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Jeroen W. Pluimers on .NET, C#, Delphi, databases, and personal interests

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Archive for the ‘BIOS’ Category

All about UEFI vs BIOS – who to follow

Posted by jpluimers on 2017/10/23

A link to an old post [WayBack] All about UEFI vs BIOS – David Berneda – Google+ reminded me to follow these people:

Source: [WayBackAll about UEFI vs BIOS

[WayBackUEFI boot: how does that actually work, then? a long read ending with a long form of these recommendations:

  • If you can possibly manage it, have one OS per computer.
  • If you absolutely must have more than one OS per computer, at least have one OS per disk.
  • If you absolutely insist on having more than one OS per disk, understand everything written on this page, understand that you are making your life much more painful than it needs to be, lay in good stocks of painkillers and gin, and don’t go yelling at your OS vendor, whatever breaks.
  • If you’re using UEFI native booting, and you don’t tend to build your own kernels or kernel modules or use the NVIDIA or ATI proprietary drivers on Linux, you might want to leave Secure Boot on.
  • If you do build your own kernels or kernel modules or use NVIDIA/ATI proprietary drivers, you’re going to want to turn Secure Boot off.
  • Don’t do UEFI-native installs to MBR-formatted disks, or BIOS compatibility installs to GPT-formatted disks (an exception to the latter is if your disk is, IIRC, 2.2+TB in size…
  • Trust mjg59 in all things and above all other authorities, including me.


Posted in BIOS, Boot, Power User, UEFI, Windows | Leave a Comment »

HOW-TO: Enable Hyper V on Windows 8.x Pro, and create a VM on it – YouTube

Posted by jpluimers on 2017/10/23

Below some steps and two videos about Hyper-V on Windows 8.x.

Though I prefer VMware myself (most of my infrastructure is VMware based, it works on Mac, Windows and bare-metal, and it has more user friendly host integration for Mac/Windows, especially with clipboard sharing and screen resolution), Hyper-V is not to be ruled out.

Hyper-V comes with Windows 7 professional and up, and supports the VHD/VHDX disk formats which are also used by Windows backup and Disk2Vhd.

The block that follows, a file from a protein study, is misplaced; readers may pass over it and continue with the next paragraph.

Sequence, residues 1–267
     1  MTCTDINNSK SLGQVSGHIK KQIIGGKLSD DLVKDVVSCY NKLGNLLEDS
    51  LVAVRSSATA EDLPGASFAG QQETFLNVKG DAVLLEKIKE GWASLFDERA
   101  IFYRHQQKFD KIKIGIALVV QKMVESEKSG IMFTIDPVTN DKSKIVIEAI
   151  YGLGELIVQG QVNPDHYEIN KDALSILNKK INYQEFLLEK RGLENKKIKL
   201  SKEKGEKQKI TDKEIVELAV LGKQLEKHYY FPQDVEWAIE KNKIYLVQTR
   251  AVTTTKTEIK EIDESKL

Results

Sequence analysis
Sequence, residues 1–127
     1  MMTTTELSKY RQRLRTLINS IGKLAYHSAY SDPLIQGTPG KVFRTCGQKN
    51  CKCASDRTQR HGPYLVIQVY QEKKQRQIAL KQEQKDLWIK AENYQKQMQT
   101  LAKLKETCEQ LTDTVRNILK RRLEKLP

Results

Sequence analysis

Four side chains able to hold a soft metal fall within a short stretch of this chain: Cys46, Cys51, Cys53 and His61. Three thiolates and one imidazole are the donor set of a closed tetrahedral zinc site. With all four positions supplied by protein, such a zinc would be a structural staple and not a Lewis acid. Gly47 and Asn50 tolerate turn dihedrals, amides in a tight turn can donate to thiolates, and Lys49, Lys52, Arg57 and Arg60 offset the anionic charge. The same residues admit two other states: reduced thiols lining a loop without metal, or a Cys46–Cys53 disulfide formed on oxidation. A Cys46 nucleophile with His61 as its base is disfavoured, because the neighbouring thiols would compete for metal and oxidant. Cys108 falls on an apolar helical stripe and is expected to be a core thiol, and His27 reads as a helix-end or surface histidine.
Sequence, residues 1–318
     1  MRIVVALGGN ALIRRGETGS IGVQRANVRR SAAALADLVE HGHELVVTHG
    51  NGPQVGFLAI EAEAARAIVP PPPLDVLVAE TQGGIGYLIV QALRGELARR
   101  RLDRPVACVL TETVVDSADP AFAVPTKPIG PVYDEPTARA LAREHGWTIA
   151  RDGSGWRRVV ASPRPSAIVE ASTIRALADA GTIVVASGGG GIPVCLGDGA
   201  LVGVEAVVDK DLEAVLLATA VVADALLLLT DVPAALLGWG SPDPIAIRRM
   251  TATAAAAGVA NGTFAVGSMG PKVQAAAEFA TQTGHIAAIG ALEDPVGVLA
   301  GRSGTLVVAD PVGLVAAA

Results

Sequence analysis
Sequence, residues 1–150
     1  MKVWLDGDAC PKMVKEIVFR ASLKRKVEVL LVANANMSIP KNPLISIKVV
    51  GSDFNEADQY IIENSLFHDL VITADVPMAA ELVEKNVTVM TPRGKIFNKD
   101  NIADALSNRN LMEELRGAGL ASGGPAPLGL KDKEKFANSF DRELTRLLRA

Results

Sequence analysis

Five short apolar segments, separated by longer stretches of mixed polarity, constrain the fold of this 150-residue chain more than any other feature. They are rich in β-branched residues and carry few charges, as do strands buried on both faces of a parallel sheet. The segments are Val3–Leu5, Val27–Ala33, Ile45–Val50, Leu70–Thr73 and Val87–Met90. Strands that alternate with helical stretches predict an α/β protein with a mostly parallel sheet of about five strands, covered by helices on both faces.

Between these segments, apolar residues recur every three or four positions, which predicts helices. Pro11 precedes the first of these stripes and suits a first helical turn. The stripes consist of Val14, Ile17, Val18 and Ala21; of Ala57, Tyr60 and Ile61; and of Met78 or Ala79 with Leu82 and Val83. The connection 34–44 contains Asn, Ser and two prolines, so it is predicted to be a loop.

So it is an excellent start to virtualize an existing physical PC and run it under a Windows host with relatively little effort.

New Disk2vhd V2.0 with vhdx support » TechNine.

Ensure that hardware virtualization support is turned on in the BIOS settings.  Save the BIOS settings and boot up the machine normally, At the Start Screen, swipe the right hand side of the screen and select the Search Charm. Type turn windows features on or off and select that item  Select and enable Hyper-V  If Hyper-V was not previously enabled, reboot the machine to apply the change.  NOTE: As a best practice, it’s a good idea to configure networking for the Hyper-V environment to support external network connections. Ensure that a virtual switch has been created and is functional.  Open the Virtual Switch Manager, found on the Actions panel in the Hyper-V Manager, by typing Hyper-V at the Start Screen.  Select “Virtual Switch Manager” in the Actions pane. Ensure that “External” is highlighted, and then click on the “Create Virtual Switch” button.  If more than one NIC in is present, ensure that the proper NIC is selected for use on the VM external network connections.


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Posted in BIOS, Boot, Power User | Leave a Comment »

Welcome to – tips around open source and Linux stuff

Posted by jpluimers on 2017/09/12

At the time of discovering Welcome to via More ISP Mail saveback – Joe C. Hecht – Google+:

ISPmail tutorials

The famous ISP-style mail server tutorials live here. Learn how to set up your own fully-functional mail server using Postfix, Dovecot IMAP/POP3 and MySQL backend on a Debian server just like your favorite mail or website hosting provider.

I have been maintaining the ISPmail tutorial since Debian Woody. However those older Debian versions are no longer supported. If you still like to read the old versions I have provided PDF versions of the tutorials for Squeeze, Lenny, Etch, Sarge andWoody.

Thoughts blog

My projects

I am a system administrator and programmer. In my nerdy spare time I work on web applications, Python and Ruby programs, write articles or explore new software technologies. On you can find news, solutions and hints on my findings and get help. Of course your feedback is welcome.
These are some projects I am currently working on:

IRC – Internet relay chat

  • IRC is a great medium for getting instant help (at least on the freenode IRC network). I have collected some tips about Getting help on IRC to help you get help instead of getting barbecued.
  • knoba’s factoids
    I run a bot called knoba (short for knowledge base) on the freenode IRC network. Two channels I visit frequently are #postfix and #squid. So I have fed the bot with lots of factoids that you can query using !foobar in the channel. These are the factoids understood in #squid and #postfix. Please don’t play with the bot publicly. Send it a “/msg knoba help" and learn how it works.

Linux tips

Regarding the Squid web proxy

Padrino web framework

Zabbix monitoring

Zabbix is a mighty open-source monitoring software. If you need a serious system for your organisation and manage to condone its creepy web interface it is hands down the the most superior software I have ever seen. And I have been dealing with monitoring software since Nagios was called Netsaint.